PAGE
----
Evening Economy Study 2017

Published in 2017, Kendal’s Evening Economy Study revealed some interesting findings and recommendations.

A team of five MBA students from Lancaster University’s Management School led the research which included over 500 face to face and online surveys with local people.  Most people described the town as ‘quiet’ in the evenings, although 71% thought the range of evening options in the town were good or satisfactory and the majority of people surveyed said they felt safe in the town after dark.

The team also discussed the issues facing Kendal’s evening economy with local business owners, transport providers, local authority councillors and officers and other key organisations within the town.  They also identified national growth trends and compared Kendal to other destinations.

Kendal Futures engaged the team, with funding support from Kendal Town Council, to establish whether the perception of Kendal’s poor evening economy was accurate and to gain insights into which future developments would most benefit the town in future.  The team worked on the project for two weeks in late April/early May, charging only for their daily expenses.

We know that Kendal gets a lot right in the evenings. People love the Brewery Arts Centre and the scale of its offer and the town’s events and festivals are widely recognised. The town has seen several new pubs, bars and restaurants open recently but the research identifies that Kendal has greater potential and can take advantage of national trends to improve its evening economy.

The research identifies several issues affecting Kendal’s evening economy and made several recommendations for improvement.  Some of the main findings include:

  • Kendal is underrepresented when compared to similar towns in terms of the number of cafes, restaurants, pubs and hotel rooms it supports.
  • There are no restaurants which are bookable on line via TripAdvisor or Open Table, (which typically lead to an increase in reservations) and there was demand for more recognised brands or chains.
  • Key trends recognise the increase in popularity of craft beers and breweries, gastropubs and coffee culture.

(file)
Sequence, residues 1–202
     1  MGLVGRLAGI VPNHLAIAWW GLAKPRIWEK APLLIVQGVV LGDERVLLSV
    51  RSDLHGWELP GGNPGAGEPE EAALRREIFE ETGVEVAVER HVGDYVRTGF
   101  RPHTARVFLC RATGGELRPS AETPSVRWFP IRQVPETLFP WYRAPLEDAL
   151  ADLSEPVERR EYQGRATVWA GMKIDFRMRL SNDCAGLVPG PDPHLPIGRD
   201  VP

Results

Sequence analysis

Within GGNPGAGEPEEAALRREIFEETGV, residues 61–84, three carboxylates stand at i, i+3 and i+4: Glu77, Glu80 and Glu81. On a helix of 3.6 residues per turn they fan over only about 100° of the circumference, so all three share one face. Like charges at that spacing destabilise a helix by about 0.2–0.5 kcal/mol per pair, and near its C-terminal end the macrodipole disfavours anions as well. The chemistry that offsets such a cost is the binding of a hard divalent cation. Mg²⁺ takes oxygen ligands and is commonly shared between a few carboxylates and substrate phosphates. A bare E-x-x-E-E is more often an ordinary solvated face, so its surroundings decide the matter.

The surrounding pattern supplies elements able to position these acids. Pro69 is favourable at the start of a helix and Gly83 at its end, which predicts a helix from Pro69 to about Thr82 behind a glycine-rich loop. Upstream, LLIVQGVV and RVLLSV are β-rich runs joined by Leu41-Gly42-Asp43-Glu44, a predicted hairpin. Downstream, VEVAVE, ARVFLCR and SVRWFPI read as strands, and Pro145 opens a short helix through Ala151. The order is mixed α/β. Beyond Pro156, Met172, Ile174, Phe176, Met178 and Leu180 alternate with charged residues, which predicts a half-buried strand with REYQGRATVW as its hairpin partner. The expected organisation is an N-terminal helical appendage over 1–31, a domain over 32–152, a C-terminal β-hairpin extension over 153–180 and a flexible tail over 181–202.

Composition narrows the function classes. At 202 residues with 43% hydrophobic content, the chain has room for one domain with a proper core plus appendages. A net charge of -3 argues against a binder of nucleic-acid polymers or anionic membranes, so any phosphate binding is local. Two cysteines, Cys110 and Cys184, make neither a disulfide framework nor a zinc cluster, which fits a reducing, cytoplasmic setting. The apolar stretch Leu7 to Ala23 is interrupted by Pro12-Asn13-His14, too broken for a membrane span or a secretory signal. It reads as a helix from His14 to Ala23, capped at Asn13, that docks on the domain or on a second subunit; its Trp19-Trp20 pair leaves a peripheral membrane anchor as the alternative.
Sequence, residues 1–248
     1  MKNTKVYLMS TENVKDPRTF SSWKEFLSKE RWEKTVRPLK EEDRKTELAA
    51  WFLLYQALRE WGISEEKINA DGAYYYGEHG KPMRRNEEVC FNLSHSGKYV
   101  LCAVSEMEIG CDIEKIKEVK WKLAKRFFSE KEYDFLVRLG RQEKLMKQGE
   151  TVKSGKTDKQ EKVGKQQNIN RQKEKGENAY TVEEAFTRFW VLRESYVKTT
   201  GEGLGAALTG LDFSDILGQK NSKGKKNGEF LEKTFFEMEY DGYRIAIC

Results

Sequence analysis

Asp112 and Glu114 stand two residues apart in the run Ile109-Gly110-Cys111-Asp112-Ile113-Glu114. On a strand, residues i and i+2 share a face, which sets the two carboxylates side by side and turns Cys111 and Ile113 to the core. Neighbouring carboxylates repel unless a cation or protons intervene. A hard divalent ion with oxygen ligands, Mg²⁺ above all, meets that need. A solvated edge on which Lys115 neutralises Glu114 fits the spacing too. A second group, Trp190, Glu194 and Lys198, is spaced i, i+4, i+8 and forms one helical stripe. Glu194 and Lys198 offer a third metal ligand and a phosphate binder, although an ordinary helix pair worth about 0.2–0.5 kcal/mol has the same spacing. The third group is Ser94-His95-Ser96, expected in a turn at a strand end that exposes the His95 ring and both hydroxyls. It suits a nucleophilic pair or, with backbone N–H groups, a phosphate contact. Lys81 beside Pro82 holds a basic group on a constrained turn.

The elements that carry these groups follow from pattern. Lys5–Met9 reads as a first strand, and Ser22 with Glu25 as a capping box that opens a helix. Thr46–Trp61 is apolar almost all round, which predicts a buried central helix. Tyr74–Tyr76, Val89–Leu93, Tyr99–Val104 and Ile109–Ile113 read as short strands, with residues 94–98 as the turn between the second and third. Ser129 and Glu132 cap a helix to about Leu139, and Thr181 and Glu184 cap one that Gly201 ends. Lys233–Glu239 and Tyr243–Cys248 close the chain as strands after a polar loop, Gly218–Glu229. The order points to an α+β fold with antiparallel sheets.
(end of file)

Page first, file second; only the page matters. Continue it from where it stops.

• An increasing demand for evening coffee shops, which are considered safe spaces for younger people and families, and an interest in them offering games nights or live music.
  • The spread out nature of Kendal’s eateries and bars creates a quiet feel in the town and improved signage and maps were just one suggestion to improve this.
  • A need to reduce red tape to encourage easier shorter, more frequent events such as First Friday Arts Showcases and to aid new business development within the evening economy.
  • Improving leisure options for younger people and families with activities such as a bowling alley.
  • The need to encourage extended shopping hours to improve dwell time and spend in cafes and restaurants in the early evening.
  • More evening buses and cheaper taxis or a shared taxi scheme would encourage more people to go out in the evening.
  • Partnership working across the town is important to stimulate the evening economy and the report gives examples of promotions and campaigns from other areas, such as ‘Head out Not Home’.


The MBA team have produced some really good insights and findings but this is just the start.  We hope this research will inspire the town’s partners to identify new projects and actions which will further increase the appeal of Kendal to local people, businesses and visitors and ultimately benefit our wider economy.  Partnership working will be vital to ensure we can deliver the improvements identified over the short and long term.